“I am just coming to that. It was towards the end of the fourth year when I had my first migraine. I didn’t know it was a migraine at the time. In fact, I didn’t diagnose it until I was in the second year of medical school. It happened in the middle of a maths test. It started almost imperceptibly, a slight distortion of my vision that I couldn’t quite put my finger on. This gradually became worse with jagged, coloured lines, shimmering and blank areas where I couldn’t see anything. It was a bit like the pattern you see when you look directly at a bright light bulb. As this ‘visual aura’ progressed, it became harder to see the test paper. I had to move my eyes around to utilise the clearer areas of vision. Even then, some of the fractions and equations were distorted and difficult to see. It was tricky to do the work but not impossible and took longer than usual. I was pleased that I still managed to complete all the questions. The symptoms lasted for about 30 minutes. I was left with a dull headache. I have never had severe headaches with my migraines.”
“I thought everyone got really bad headaches with migraine.”
“Not really, Dilys. Some patients don’t get a headache at all. What other symptoms can you get with migraine?”
“Nausea and vomiting . . .”
“Yes, I do occasionally feel sick but I’ve never vomited.”
“Anything else?”
“Dizziness . . . photophobia . . .”
“Very good.”
“Can’t you get tingling and numbness or even paralysis?”
“Excellent, Dylan. Tingling often starts in the hand and spreads up to the face. You usually get weakness rather than complete paralysis, though. Only a small proportion of patients get numbness or weakness.”
“Isn’t migraine more common in women?”
“Yes it is, Dilys. Anyway, we’ll carry on with the story. At the time, I was quite worried about the symptoms but felt reassured when they disappeared completely. I guessed that the episode might have been a consequence of all those weeks spent staring at books. But, I was worried. What would happen if I had these episodes during examinations in future? It would have been impossible to complete a difficult paper. I was relying on my exams results. I knew that my course work would never be good enough. I thought about doing less revision but it would be too risky. I was in a quandary and anxious for weeks. Some mornings, I woke up with a horrible feeling of dread. I couldn’t bear the thought of not doing well at school.”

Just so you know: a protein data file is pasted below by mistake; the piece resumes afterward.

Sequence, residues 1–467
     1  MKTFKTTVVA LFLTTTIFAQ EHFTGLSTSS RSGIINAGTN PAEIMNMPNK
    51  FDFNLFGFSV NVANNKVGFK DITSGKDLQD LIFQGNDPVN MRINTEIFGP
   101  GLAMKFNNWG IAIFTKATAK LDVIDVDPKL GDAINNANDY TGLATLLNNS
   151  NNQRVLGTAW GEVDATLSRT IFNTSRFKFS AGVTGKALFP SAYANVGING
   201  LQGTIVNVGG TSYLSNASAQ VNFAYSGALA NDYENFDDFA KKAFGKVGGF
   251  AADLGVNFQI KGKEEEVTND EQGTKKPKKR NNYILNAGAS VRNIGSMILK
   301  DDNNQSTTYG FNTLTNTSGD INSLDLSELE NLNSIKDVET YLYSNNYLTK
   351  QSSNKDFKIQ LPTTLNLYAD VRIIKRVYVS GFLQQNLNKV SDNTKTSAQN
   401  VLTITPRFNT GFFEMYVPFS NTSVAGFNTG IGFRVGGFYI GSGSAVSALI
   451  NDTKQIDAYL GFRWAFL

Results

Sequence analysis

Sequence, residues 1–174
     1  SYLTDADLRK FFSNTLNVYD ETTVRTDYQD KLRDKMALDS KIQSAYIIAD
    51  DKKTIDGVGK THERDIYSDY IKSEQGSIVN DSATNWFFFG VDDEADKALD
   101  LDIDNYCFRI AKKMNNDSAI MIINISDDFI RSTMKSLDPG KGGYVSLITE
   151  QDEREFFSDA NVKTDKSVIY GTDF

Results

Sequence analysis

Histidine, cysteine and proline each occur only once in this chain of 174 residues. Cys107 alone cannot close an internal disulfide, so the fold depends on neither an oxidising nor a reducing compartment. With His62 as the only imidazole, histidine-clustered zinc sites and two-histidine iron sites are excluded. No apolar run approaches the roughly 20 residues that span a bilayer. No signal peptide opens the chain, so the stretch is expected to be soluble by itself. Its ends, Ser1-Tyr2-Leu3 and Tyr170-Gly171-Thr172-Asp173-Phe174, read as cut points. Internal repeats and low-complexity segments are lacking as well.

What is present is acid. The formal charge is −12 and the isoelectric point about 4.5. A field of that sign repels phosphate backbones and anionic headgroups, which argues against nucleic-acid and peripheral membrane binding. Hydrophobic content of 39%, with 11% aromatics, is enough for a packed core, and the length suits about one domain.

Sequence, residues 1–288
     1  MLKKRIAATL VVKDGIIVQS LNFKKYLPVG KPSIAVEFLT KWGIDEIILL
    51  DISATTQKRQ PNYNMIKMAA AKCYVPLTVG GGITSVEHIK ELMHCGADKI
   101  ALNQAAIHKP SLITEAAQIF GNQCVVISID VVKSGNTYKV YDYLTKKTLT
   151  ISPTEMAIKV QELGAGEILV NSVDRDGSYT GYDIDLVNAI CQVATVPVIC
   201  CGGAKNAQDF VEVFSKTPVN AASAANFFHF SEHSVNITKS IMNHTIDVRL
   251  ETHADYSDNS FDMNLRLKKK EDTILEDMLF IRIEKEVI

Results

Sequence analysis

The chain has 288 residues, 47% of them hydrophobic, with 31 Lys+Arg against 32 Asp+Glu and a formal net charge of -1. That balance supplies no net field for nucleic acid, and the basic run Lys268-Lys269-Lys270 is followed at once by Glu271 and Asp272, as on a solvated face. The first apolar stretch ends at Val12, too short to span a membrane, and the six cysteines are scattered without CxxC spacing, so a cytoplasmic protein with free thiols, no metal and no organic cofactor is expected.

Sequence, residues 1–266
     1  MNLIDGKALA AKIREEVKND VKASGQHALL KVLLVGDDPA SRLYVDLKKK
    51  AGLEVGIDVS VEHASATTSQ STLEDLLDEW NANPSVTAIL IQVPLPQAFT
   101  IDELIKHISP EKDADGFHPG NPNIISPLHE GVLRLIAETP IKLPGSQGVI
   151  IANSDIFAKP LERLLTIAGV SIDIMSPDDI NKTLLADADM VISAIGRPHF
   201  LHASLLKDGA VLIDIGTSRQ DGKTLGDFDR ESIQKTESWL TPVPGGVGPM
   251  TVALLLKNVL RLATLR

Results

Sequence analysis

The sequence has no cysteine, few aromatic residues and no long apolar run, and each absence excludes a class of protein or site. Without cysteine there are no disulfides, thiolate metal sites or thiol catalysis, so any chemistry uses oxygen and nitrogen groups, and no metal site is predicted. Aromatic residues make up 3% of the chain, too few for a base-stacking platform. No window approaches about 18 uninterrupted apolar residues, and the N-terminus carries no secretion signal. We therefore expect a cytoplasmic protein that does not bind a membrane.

My Dad looked at us and took another sip of his coffee.
“Of course, as it turned out, I ended up doing progressively more revision over subsequent years. I did my O-levels, A-levels and, then, spent 5 years at medical school in Cardiff. That was when I had to work the hardest. During this time, I continued to have regular migraines. Sometimes they were caused by tiredness or bright lights. Sunshine or car headlights could set them off, particularly if it was wet. However, the majority were related to studying.”
“How did you manage to pass everything?” Dilys asked anxiously.
“Well,” my Dad said, “In all that time, I have never had another migraine during an examination. They have always occurred, very conveniently, a day or two after one exam or a similar time before the next. They never even disturbed my revision. I have always thought that that was a remarkable coincidence.”
“It was a coincidence, wasn’t it?” Dilys said. “You were very lucky, really.”
“Yes, I was. Gradually, as I have got older, my migraines have occurred less and less. I only get one or two a year now.”

My migraine.